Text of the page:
So, fast forward to the day before/of labor. I woke up at 4:30 am with some pretty bad cramps, and they lasted for a couple hours but then they stopped and I got a little more rest and went on with the day as normal. Had my chiro appt, and went up to the DPS office to say hi to the secretaries cos they’d been asking about me and the pregnancy. On the way home the contractions decided to start going again, about 2-3 each hour. B took Q and the dog out to Petsmart while I cooked dinner and during that time, the contractions started happening a bit more frequently.
I figured it was enough to let my “people” (Mom and sister Genna and doula Lori) know that I was having contractions again and they were starting to be more regular so please stand by. I didn’t want to cry wolf, but because the people would need about 2 hours notice to get here, I was really ready to have them close by around 6:30. I sent the word. Please come. Everyone got to our apartment by 9, and we waited. And breathed. And contracted. They weren’t too bad, but once they got to being about 1.5-2min long around midnight, G pointed out that if I was starting to say they hurt a little and were more than just “uncomfortable”, we probably should go to the hospital. We realized she was probably right, so we loaded up and went to the hospital. We got to triage around 2am and found out I was dilated to an 8 and Dr. Kaufman could actually feel my waters bulging. This was it for sure. They moved me to a L&D room and I labored some more. Lori had a technique that made EVERYTHING feel so much better. We called it the hip squeeze. She showed B how to do it too, and every time I had a contraction, they’d take turns or work together to do that move. It took the pain from a 7 to a 5 instantly. Around 5am, I started feeling more intense, transitionary contractions and baby’s heart rate was fluctuating from the stress. We moved positions a lot and that helped it come back up. A little while later, I felt like I was starting to need to push so Dr. Kaufman went to check me again. As she inserted her fingers, my water burst in that dramatic gushing movie style way! Whoa! We were going to have a baby in moments! “Oh. Hold on. That’s the cord, not the head.” Dr. K said quite calmly, “This is an emergency csection scenario. I’m so sorry but there’s no way to avoid this. Nurse, call OR stat. I’m going to have to ride the bed to the OR because I cannot move my hand or the cord will come and we might lose baby. Are you okay with this, Arielle?” Yes. Suddenly more contractions stronger than any others, and I couldn’t focus on anything other than the pain and pushing sensation as my body struggled against the doctor’s pressure back. They put an oxygen mask on me and that helped J too. It felt like it took years to prep me in the OR, but it was probably actually less than 10 minutes from “let’s go” to “lights out”. Jensen was born at 6:11am. When I was in recovery, they brought me Jensen almost immediately once I was waking up and even though I wasn’t fully awake, gave him to me and my people rotated visiting. I don’t remember who came first, and who was last, but I remember right before they took us back to the L&D room, Dr. Kaufman came in to check on me and say goodbye because she was going home for the day. She stayed and visited for a long time and explained exactly what happened, why she did what she did, and really genuinely cared that I was mentally/emotionally okay with a repeat csection. She explained that because of the way my pelvis is shaped, there was so much extra room for the cord and head that the cord pushed through first. She has a theory that it is possible something similar happened with Q and though the way it was handled was unethical, it’s possible it could have truly been an emergency too. She strongly urged me to consider never attempting natural labor again as it would be extremely risky to now not only me, but also the baby because of what we know about my pelvis and the shapes of our babies heads. So, next time, we will schedule a csection. And I’m okay with that. Dr. Kaufman’s attention to detail and compassion has definitely helped “cure” my risidual feelings of PTSD. I got to have lots of support for breastfeeding at the hospital from both nurses and lactation consultants! Jensen is a champ and is already gaining back some of his weight. *edit: at his 2 week appointment he had gained nearly a pound and a half!* Every nurse who attended us knew our story, at least enough to be sympathetic, if not knowing all the details. The night nurses especially were sure to wake B and let him follow along every time J was removed from the room. After 2 full days at the hospital, we were missing Q and ready to go home, so morning of day 3, we asked if we could go home and they started the discharge papers. By 1pm, we were all checked out and headed to the car!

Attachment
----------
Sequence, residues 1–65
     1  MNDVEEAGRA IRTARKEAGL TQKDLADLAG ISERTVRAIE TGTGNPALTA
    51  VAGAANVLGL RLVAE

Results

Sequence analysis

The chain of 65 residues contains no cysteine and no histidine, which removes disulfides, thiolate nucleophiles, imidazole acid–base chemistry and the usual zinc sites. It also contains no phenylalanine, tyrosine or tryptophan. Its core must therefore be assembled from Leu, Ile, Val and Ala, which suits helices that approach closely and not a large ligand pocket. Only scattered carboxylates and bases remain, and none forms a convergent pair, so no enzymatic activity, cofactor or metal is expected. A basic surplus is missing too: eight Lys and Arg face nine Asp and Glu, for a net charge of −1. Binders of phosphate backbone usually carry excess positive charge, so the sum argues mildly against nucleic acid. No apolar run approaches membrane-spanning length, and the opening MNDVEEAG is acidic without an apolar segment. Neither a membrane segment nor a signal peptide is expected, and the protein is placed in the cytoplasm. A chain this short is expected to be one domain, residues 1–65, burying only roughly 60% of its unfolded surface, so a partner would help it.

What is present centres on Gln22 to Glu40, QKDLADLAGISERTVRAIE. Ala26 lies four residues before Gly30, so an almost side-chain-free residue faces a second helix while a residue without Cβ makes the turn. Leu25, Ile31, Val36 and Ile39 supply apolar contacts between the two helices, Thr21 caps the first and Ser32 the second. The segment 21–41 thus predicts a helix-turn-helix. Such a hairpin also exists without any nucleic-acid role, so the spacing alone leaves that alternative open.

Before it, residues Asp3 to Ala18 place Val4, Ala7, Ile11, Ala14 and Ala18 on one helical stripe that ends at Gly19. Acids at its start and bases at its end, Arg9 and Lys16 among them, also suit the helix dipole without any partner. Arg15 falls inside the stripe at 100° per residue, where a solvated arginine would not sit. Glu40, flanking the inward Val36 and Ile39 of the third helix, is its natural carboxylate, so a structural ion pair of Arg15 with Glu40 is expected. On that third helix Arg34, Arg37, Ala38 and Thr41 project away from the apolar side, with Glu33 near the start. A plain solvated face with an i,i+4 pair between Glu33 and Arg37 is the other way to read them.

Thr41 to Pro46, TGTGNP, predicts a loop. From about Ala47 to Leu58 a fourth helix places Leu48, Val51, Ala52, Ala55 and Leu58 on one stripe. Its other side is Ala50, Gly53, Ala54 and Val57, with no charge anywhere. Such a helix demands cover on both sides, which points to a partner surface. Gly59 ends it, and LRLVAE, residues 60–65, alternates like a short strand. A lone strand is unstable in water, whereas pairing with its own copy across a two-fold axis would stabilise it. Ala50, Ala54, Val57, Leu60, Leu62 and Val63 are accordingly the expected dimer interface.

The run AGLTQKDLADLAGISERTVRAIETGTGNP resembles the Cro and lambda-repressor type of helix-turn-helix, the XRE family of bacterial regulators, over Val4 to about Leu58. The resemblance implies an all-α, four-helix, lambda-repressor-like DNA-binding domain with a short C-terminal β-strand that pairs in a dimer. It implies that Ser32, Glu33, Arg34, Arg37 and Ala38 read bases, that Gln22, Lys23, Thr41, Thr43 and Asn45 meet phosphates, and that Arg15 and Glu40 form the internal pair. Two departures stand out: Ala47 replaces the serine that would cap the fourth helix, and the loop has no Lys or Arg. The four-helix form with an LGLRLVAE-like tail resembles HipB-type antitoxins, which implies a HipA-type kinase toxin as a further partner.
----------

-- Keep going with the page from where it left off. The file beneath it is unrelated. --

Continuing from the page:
Thank you to Lori for your support and amazing doula skills! Can’t wait til you’re all official so I can recommend you to potential clients!!!!
And especially Dr. Kaufman for your calm and cool behavior and working to do everything you could to give me the experience you knew I so desperately desired, and even though it didn’t go as planned, it was still a positive experience!